News & Views - Dec,
1997 Issue #49
MONTANA ACADEMY UPDATE
(an open letter signed by)
Rosemary McKinnon, MSW, Adms. Dir.
John A. McKinnon M.D., Med. Dir.
John Santa, Ph.D., Headmaster
October 8, 1997
(Montana Academy officially started enrolling students in
June 1997 -Lon)
Montana Academy is up and running. Twenty-one students spent the summer with
us; sixteen continue into the fall. Six new students enrolled in September, and so our student body numbers 22.
Carol Santa (Director of Education) and Shirley Harrison (Science) and Philip
Jones (Language Arts) created a curriculum for the first two academic blocks that centers on field studies in biology and writing
assignments that integrate language arts with biology and therapeutic assignments. The teachers, working with Carol, developed individual
educational plans and have planned course work for the coming year so as to meet academic needs or graduation requirements for each
student. Our new Work/Study teacher, Alan Sullenger, collaborates with students on a variety of beginning ranch building projects
and plans a barn-raising next month. His wife, Barbara (our splendid cook), teaches teams of Work/Study students in the kitchen, where
the cuisine grows more complex as student skills improve. Last week’s menu featured Turkish and Armenian dishes, reflecting the heritage
of two students. Jason Bustad, who studied agriculture at Washington State, has taken the ranch in hand. He supervised a harvest and
the bucking of hundreds of bales of hay for winter feed. In August the first elk arrived—a majestic bull and a small herd of cows
and calves. In the garden, now going over, a few students this week erected a winter shelter and introduced two piglets.
Over the summer our therapy program evolved, as we have learned what our
students need. The full staff mobilized to take all 21 students into the Bob Marshall Wilderness for ten days at the summer’s end,
but we chose, as the model for future Adventure Therapy expeditions, the less ponderous, shorter trips we took with smaller, more
intimate groups, into the Ten Lakes Basin. On campus we recognize the need for weekly full community discussions—of social conflicts,
logistical problems, and works in progress. A consensus about this community’s values begins to emerge in explicit debate. Kenny Pannell
(Program Director) and Mary Alexine (Lead Therapist) conduct group therapy in small groups of 5-7 students, three times each week.
Every two weeks the staff and students formally review each student’s progress in “Phase Meetings.” Kenny and Mary, along with John
Santa and me (John McKinnon), see each student at least weekly in individual therapy, and keep in touch with families. Many students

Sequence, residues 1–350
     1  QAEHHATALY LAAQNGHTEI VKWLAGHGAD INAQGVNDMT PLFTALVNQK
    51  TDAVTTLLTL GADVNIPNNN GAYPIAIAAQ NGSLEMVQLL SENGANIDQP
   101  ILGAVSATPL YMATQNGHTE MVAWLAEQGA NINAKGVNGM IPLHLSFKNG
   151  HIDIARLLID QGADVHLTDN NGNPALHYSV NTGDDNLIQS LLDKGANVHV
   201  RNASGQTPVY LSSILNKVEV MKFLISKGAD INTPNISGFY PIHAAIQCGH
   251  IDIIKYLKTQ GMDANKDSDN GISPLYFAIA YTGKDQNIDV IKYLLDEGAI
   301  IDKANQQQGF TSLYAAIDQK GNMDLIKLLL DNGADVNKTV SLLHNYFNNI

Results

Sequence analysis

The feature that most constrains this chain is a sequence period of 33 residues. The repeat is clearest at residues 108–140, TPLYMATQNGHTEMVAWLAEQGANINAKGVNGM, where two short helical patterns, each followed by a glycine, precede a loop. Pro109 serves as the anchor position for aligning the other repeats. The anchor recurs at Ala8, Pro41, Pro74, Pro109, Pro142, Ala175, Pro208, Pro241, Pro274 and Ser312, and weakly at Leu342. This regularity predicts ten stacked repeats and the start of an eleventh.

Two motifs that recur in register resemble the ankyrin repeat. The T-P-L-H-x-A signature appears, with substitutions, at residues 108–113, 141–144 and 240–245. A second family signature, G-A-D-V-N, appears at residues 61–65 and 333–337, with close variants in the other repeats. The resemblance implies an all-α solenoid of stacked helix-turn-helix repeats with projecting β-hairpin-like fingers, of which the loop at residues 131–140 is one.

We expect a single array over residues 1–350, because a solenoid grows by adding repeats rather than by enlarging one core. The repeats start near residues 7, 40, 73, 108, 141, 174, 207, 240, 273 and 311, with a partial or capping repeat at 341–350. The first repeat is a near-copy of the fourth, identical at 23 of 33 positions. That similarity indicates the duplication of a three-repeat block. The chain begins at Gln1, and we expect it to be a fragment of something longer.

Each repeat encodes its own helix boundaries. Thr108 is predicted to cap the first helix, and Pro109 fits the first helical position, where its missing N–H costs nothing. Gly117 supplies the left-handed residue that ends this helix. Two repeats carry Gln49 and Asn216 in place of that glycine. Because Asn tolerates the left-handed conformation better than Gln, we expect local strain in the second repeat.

arrived on medications, regularly reviewed by Dr. McKinnon. Half the students’ families have visited the ranch, many several times,
for family therapy before outings; other families stay in touch by phone, or plan visits in the coming weeks.
Communications have been a struggle. Bugsy Jorgenson, our new administrative
assistant, now schedules student/family calls. We have made progress in communications with referring educational consultants. A new
integrated phone system will soon replace the clumsy existing separate lines.
We have noticed in these first months that we do best with “softer” students,
whose troubles stem more from trauma, anxiety, depression, inhibition, grief or learning struggles and less from established character
pathology or intransigent substance abuse. As many of you have advised the key lies in developing a strong positive peer culture before
trying to absorb severe conduct disorder. Without such a well-developed positive peer culture a relaxed ranch community is too unstructured,
unlocked, cluttered with tools and rich in hiding places to manage students who negotiate relations with adults, or with one another,
with habitual violence, belligerent defiance, compulsive substance dependence or flight.
Presently we have bed space for 28 students. Currently we have 18 boys and
4 girls—not our ideal ratio. We would prefer to fill the ranch house with 12 girls and reserve the new bunkhouse for 16 boys. For
this reason, we particularly welcome referrals of girls, at this point.
Starting this academic and treatment orchestra has taught us humility. It
has proved a challenge to coax new students and staff to play music at all, much less in tune. At times the logistical dissonance
created cacophony, and all summer the days began early and ended after midnight. All in all, start- up has been just as strenuous
as many of you predicted. At the end of the day, however, driving home under the stars, we felt something magical had happened. Where
three months ago there were a few worn ranch buildings and silent pastures there are now students working, teachers teaching, cooks
cooking, and therapists walking with students in the hills—a busy campus.
We thank you for your support—a faith we are working to earn.
Copyright © 1997, Woodbury Reports, Inc. (This article may be reproduced
without prior approval if the copyright notice and proper publication and author attribution accompanies the copy.)